Emery attempts to convince the others that they should all leave. They refuse, and Emery tries to depart on his own. As he does so, he runs into the ghosts of Pam Asbury and Deanna Petrie (Yvonne Sciò), the movie star who vanished in the house in the 1940s. Emery has the power to make apparitions disappear by repeating the phrase "not there," and avoids the deadly fate of his mother and Dr. Miller. As Emery is about to leave Rose Red, Annie Wheaton wakes and via psychokinesis causes the doors of Rose Red to slam shut. Emery's hand is caught in the door, and some of his fingers are severed. While the others assist Emery, Joyce Reardon asks Annie to continue to keep the doors and windows sealed, promising to give her the dollhouse if she does so. Steve, however, soon discovers that he is able to communicate with Annie telepathically, and she begins to form a friendship with him.

Later, Steve relives some repressed memories of a visit to the house with his drunken mother during which a ghostly Ellen Rimbauer appeared to him and called on Steven to aid her in continuing Rose Red's unending construction. Emery, meanwhile, suspects that Annie, not some "spirit of Rose Red", is keeping the house sealed. Nick confirms Emery's suspicions, and then informs the group that Bollinger appeared to have hanged himself in the library. The group begins to speculate that Rose Red has never been in a dormant state, and that the mansion's supernatural powers are linked to Annie and Steve (whose psychic abilities become apparent only when he is in the house because of his familial connection to the property). Nick correctly guesses that Joyce brought the psychics to the house in an attempt to reawaken Rose Red rather than simply investigate it.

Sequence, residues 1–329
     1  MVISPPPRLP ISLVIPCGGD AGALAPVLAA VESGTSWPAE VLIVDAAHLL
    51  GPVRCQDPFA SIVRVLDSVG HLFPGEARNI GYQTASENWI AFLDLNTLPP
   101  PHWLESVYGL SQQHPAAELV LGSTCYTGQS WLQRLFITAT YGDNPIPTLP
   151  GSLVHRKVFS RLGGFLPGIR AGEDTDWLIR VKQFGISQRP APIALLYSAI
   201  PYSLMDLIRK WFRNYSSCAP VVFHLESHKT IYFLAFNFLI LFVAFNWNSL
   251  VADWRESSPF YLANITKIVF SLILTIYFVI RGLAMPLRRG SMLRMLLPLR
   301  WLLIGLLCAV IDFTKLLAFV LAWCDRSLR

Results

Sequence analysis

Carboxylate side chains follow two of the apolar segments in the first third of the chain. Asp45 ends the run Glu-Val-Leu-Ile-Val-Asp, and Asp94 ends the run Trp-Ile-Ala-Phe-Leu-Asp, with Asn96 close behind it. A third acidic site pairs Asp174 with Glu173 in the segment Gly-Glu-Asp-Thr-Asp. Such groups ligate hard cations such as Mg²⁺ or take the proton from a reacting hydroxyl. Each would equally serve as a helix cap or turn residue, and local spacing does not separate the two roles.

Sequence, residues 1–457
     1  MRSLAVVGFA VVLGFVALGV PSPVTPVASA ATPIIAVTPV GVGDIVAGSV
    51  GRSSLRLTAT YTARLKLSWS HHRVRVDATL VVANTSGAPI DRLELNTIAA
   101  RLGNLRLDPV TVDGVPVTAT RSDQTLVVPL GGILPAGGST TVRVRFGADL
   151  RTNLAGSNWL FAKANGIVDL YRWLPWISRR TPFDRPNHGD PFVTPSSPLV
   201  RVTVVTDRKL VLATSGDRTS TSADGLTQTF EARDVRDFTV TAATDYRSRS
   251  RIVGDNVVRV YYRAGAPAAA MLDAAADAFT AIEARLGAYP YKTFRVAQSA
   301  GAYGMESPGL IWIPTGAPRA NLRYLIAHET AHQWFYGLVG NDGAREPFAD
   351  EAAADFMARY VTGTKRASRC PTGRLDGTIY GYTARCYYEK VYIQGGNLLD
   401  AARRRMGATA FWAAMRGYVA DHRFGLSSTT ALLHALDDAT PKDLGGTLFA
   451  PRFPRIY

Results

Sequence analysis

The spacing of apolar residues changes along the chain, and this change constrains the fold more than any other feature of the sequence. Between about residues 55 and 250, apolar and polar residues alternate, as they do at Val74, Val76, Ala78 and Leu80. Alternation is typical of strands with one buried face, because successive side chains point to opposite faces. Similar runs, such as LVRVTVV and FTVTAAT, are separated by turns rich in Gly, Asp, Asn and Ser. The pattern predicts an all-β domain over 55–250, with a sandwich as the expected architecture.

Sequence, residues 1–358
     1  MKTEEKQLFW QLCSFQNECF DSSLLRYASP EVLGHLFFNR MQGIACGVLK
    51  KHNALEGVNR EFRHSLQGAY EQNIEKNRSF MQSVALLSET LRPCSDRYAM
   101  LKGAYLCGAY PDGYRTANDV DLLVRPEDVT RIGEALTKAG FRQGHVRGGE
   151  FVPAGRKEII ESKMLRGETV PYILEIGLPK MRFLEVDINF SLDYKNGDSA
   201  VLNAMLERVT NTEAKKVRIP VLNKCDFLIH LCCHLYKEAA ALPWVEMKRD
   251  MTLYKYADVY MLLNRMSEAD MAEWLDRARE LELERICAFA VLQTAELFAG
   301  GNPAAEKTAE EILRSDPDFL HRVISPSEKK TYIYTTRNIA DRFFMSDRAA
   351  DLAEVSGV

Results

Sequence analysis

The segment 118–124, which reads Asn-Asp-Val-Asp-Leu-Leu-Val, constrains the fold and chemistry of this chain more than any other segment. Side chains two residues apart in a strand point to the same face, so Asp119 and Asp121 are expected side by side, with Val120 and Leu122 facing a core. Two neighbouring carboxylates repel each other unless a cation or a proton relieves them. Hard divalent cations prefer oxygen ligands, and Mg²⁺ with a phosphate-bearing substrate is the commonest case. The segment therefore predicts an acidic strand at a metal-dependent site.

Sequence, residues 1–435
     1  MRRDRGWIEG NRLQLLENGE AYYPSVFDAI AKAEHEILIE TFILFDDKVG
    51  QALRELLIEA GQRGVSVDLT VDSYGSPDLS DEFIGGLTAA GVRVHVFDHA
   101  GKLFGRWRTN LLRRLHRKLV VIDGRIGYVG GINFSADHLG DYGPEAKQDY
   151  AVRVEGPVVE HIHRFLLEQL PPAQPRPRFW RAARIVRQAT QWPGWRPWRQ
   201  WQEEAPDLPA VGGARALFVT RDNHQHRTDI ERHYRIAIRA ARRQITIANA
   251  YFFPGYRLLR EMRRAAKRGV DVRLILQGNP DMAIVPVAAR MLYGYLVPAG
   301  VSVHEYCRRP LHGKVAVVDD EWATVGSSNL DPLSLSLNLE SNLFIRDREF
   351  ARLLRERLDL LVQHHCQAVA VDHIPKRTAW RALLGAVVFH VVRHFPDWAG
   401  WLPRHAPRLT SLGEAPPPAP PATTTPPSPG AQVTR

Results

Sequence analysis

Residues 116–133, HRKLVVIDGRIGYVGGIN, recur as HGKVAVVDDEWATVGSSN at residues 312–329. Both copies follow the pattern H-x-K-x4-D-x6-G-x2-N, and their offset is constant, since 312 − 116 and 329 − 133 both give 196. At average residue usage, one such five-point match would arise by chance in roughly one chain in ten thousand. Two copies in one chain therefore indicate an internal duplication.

The wounded Emery suggests that Annie be killed in order to allow everyone to escape, alarming the rest of the group. While in the kitchen, Cathy Kramer is attacked by Mrs. Waterman and is rescued by Nick. The two decide to tie up the deranged woman and decide to leave her in the kitchen. They agree not to inform Emery so that the unstable young man does not become more unbalanced. A ghostly Sukeena appears and drags Mrs. Waterman off into the dark wine cellar. As Nick and Cathy head back toward the main hall, the house changes around them and they become lost. A mysterious shape under the carpet chases them, and they flee. The shape begins to catch up to them, and Nick shoves Cathy into a room and slams the door behind her, turning around just in time to see a skeletal monster rushing up to him. With silence in the hallway, Cathy opens the door again but finds no sign of Nick or the entity in the empty hallway. As the house continues to change around her, Cathy ends up in the attic. Suddenly overcome by the urge to automatically write, she witnesses the murder of John Rimbauer by Ellen and Sukeena. Steve and Rachel, meanwhile, decide to look for Nick and Cathy. They find Cathy in the attic, where she is about to be attacked by a corpse-like creature. Their presence seemingly prevents the house from acting, and the corpse drops lifeless to the floor. The corpse's withered arm lets them deduce that the carcass is that of Steven's missing great-aunt (and Ellen's daughter), April Rimbauer.